Historic Christianity has always insisted on a Final Judgment Day. It is a biblical no-brainer. Many of Jesus’ lessons and parables ended with a final separation of those who are rescued and those who perish. There will be a “settling of accounts” based on God’s eyewitness record of every private (and public) thought, word, and action. I can bear witness to the biblical claim that this truth was written on my young heart, even as one who was not raised in a Christian home. I knew that God saw everything… and some nights it was hard to fall asleep. (Rom 1, 2) The very thought of being subject to this kind of perfect scrutiny is enough to make you want to put on some fig leaves, run, and hide. It may even lead to a feeble and truth suppressing denial that there is such a God and day of reckoning. But, alas, there is no creature hidden from His sight, but all things are naked and open to the eyes of Him to whom we must give account. (Heb 4:13)
We each get judged for that which we did (or did not) do, as a function of that which we did (or did not) believe.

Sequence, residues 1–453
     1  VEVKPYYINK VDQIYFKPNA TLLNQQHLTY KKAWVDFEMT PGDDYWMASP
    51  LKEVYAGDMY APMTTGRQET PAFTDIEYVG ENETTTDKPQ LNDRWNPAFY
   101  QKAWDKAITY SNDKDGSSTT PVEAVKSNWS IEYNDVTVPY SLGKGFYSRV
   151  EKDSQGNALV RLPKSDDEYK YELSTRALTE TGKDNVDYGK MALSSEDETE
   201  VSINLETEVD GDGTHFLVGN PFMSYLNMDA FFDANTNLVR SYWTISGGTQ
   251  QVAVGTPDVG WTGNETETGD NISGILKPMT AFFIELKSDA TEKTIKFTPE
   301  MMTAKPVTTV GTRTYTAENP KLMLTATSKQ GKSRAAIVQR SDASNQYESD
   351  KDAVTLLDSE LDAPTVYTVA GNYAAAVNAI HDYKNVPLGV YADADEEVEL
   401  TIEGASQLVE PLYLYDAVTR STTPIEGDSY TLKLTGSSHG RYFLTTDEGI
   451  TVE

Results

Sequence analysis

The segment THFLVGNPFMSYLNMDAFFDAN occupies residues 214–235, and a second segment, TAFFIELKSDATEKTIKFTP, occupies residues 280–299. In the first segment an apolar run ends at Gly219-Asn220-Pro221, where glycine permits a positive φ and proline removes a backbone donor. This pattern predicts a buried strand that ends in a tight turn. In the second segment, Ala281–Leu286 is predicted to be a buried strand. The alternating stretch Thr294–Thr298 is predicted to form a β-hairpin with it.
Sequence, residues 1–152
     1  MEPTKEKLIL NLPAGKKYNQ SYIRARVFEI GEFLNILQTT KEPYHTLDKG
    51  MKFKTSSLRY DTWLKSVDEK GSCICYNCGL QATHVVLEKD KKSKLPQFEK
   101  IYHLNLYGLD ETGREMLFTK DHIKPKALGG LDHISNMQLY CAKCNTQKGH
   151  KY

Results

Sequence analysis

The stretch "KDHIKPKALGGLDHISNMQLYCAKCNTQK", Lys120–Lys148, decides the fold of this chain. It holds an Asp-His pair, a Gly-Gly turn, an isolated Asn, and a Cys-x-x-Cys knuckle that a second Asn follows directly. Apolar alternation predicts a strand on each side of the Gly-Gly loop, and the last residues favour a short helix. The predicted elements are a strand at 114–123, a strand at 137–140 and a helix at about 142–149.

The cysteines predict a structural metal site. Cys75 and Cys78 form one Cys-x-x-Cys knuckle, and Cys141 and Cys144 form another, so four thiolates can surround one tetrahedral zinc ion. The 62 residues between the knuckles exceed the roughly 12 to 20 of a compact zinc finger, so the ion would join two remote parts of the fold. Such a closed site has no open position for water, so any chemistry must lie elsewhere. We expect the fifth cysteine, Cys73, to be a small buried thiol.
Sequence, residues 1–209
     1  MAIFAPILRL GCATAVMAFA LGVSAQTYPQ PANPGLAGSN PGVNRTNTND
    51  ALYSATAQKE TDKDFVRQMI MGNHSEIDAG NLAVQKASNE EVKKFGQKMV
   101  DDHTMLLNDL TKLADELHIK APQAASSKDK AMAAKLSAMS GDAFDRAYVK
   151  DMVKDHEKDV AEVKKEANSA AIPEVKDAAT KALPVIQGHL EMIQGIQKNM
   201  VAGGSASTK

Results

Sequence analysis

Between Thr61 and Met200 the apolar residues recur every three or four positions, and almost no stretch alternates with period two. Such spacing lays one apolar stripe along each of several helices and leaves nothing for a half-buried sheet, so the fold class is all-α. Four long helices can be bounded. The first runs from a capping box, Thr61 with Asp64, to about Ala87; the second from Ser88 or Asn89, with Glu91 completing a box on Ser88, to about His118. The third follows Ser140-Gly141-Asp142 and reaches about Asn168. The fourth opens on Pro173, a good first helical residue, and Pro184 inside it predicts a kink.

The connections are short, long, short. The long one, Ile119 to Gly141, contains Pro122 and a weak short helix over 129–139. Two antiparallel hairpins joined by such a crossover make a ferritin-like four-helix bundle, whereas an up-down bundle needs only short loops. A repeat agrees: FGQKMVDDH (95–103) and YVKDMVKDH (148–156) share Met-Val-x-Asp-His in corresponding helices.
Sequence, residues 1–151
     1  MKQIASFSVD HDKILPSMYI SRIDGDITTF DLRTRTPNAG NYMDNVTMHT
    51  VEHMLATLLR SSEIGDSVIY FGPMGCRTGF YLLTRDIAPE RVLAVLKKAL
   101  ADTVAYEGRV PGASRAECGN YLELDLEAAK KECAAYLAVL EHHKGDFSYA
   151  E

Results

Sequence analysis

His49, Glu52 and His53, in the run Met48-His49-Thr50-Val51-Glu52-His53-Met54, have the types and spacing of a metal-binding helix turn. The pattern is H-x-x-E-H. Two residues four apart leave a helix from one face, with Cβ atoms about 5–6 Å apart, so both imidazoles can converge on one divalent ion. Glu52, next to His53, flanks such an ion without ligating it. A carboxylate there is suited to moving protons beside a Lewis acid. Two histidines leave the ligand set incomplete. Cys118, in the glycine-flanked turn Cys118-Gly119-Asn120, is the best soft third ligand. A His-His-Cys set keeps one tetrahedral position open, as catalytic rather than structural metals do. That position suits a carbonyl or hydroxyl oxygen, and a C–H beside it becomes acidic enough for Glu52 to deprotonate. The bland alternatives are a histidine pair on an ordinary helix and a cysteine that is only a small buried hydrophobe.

One of the more glaring flaws in the Calvinistic understanding of salvation is it’s emasculation of the final judgment. Calvinists, typically, place great emphasis on being chosen by God, before He made the first man, but only offer occasional and dutiful lip service to the final judgment. The reason should be obvious. Their system marginalizes the final judgment.
In the Calvinistic system, God’s eternal decree, allegedly made before the foundation of the world, would have irresistibly fixed the final outcome for every person ever born (or conceived). There would be no difference between the number of sinners chosen for salvation and those who are actually found “in Christ” at the end. Likewise, there could be no alteration of the outcome for those individuals not chosen before the foundation of the world. Those born elect could not be anything but saved at the final judgment and those born reprobate could not be anything but damned… in their system of understanding. This is not an explanation of, so called, hyper-Calvinism. It is an accurate description of real historical Calvinism. (See the Westminster Confession of Faith, Chapter 3…)
A good Calvinist would not call this divine prehistoric election the “final judgment” but an honest one would admit that it is what immutably determines the outcome of the final judgment. Perhaps, you can agree that too much speculation about God’s omniscience can lead to trouble.
This should not need much explanation for those who understand Calvinism (aka: the Reformed view).